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Medicaid planning can be important for couples needing care

For people in Florida, preparing for future medical expenses can be a major concern. This is especially true when someone needs to take advantage of the long-term care provisions of Medicaid when dealing with serious disabilities or a need for memory care or other residential facilities. Spouses in particular may be concerned about the way Medicaid’s rules about assets relate to their future planning.

For a single person who needs to access Medicaid, including its nursing home coverage, they must have no greater than $2,000 in assets. Married couples are treated somewhat differently, and transfers of assets between spouses do not affect Medicaid’s assessment of a couple’s wealth. Some assets are excluded from the assessment, including the primary home if one spouse is able to live in it, one car and term life insurance that does not have cash value during life. All other assets are countable for Medicaid purposes, and the healthy spouse can retain up to approximately $121,000 of remaining assets.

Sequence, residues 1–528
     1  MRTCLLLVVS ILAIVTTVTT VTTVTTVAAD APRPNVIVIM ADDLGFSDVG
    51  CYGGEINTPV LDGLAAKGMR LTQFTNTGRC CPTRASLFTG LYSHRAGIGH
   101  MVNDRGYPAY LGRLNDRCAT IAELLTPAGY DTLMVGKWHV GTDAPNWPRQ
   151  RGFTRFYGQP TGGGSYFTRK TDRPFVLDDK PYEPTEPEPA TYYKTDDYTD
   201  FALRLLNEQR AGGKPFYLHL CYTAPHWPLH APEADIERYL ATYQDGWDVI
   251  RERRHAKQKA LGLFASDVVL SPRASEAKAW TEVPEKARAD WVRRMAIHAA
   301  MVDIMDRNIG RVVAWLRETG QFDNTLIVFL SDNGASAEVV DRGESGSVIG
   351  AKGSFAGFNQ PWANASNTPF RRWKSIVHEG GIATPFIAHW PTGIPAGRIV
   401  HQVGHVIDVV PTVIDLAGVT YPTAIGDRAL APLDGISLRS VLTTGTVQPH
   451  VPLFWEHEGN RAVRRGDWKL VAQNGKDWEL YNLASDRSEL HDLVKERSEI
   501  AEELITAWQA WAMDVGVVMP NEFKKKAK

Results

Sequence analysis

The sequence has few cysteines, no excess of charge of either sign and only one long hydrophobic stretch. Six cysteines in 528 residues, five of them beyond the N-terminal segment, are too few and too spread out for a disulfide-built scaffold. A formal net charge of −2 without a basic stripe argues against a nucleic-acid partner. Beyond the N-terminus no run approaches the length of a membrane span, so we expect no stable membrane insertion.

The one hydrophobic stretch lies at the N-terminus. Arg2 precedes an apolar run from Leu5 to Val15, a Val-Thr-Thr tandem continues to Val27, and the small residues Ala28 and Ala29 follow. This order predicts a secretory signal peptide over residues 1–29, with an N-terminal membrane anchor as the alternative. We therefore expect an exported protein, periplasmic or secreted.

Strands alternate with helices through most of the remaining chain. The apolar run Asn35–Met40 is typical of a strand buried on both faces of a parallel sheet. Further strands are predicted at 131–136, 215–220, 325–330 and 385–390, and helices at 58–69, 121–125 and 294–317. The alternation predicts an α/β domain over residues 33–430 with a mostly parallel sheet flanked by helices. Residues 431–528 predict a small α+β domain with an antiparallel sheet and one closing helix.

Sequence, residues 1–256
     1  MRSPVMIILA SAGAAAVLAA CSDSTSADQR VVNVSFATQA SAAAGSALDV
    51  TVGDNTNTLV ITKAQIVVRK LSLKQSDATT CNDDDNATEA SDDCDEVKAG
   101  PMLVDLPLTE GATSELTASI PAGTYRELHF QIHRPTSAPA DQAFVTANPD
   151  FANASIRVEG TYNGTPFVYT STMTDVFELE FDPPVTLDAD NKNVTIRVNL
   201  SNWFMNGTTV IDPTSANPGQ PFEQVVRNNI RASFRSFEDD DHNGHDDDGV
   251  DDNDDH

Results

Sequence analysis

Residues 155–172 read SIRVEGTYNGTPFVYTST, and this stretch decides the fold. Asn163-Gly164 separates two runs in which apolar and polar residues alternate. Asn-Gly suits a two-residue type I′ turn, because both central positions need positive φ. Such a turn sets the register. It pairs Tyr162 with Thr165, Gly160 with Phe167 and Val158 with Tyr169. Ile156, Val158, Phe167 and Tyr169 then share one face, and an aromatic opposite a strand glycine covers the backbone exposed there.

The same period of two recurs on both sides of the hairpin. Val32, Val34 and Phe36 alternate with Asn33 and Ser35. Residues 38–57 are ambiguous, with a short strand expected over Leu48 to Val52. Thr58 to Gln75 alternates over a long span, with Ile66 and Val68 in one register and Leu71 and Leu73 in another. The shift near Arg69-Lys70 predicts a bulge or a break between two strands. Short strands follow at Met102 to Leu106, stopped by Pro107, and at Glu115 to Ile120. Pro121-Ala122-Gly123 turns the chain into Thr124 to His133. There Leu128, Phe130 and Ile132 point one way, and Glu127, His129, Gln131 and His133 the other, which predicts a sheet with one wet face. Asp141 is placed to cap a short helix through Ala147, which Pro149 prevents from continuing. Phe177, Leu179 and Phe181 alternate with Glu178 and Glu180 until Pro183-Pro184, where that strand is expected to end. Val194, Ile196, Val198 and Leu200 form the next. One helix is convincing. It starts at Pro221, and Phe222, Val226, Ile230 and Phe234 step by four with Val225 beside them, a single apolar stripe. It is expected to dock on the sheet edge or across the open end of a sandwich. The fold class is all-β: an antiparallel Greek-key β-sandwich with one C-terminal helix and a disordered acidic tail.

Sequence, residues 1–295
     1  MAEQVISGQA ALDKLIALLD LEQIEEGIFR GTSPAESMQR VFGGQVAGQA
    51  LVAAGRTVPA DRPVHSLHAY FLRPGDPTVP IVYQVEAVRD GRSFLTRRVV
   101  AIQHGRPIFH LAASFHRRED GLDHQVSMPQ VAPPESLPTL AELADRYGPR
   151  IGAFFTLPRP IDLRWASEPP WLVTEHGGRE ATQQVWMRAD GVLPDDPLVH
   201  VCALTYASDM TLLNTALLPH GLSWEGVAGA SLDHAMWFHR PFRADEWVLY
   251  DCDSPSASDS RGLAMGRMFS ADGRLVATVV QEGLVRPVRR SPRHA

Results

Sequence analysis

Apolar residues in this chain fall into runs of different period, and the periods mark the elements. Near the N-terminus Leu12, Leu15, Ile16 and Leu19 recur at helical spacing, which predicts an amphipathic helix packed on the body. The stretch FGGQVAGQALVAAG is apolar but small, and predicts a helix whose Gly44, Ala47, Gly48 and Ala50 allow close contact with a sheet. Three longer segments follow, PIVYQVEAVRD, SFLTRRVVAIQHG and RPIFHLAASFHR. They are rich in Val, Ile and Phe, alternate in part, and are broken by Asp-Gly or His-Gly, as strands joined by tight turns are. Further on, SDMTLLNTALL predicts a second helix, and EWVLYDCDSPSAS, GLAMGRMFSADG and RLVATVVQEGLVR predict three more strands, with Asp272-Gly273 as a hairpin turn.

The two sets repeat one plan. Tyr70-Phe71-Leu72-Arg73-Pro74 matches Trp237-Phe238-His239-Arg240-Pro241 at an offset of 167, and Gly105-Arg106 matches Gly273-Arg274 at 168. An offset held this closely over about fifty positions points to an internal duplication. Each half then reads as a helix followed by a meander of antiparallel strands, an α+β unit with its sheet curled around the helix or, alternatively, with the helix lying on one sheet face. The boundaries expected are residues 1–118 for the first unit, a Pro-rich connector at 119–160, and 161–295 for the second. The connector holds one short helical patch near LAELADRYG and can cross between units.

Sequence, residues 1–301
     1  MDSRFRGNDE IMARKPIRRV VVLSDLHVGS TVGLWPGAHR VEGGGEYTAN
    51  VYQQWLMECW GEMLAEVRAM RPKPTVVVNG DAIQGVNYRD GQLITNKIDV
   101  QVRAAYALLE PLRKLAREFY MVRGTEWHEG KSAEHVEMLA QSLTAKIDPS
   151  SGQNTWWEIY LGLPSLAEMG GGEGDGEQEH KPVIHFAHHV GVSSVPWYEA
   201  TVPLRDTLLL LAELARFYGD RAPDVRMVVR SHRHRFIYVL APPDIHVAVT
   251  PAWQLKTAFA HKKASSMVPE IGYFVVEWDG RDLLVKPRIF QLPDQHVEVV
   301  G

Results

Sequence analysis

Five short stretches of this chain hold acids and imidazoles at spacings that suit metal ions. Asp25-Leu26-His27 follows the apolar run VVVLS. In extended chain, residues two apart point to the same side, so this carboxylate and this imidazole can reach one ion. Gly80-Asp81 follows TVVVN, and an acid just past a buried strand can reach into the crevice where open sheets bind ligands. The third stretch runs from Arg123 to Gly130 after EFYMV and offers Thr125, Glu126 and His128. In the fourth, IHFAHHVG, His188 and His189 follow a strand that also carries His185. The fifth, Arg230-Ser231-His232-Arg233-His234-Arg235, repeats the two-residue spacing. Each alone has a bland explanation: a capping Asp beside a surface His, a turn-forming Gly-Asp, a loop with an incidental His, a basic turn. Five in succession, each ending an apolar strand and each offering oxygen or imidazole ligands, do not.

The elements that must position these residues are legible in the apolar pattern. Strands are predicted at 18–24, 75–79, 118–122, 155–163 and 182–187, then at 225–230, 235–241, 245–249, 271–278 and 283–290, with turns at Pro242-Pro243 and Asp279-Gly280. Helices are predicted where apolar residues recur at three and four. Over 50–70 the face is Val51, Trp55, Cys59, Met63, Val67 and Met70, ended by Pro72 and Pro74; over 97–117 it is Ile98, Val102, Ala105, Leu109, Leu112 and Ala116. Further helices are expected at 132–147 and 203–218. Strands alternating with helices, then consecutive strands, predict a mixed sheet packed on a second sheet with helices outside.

Couples may consider a number of actions in order to protect themselves as well as their estate, including transferring gifts to children and others. Some spouses may even consider divorce; however, a divorce that transfers significant assets to the healthy spouse, called the community spouse, could be looked at as dubious. There is a five-year look back rule, which delays Medicaid eligibility based on prior transfers. Transfers that are often carried out for estate planning purposes, including annual exclusion gifts, can be considered in light of this rule.

For couples and individuals concerned about future medical planning, an elder care lawyer can provide important advice and counsel to help avoid asset depletion and plan for long-term care needs. Working with an attorney can help couples and individuals plan for their future medical expenses in a manner that is line with the law and in the best interests of their health. Medicaid planning can help to ease access to nursing home coverage while protecting the family’s interests.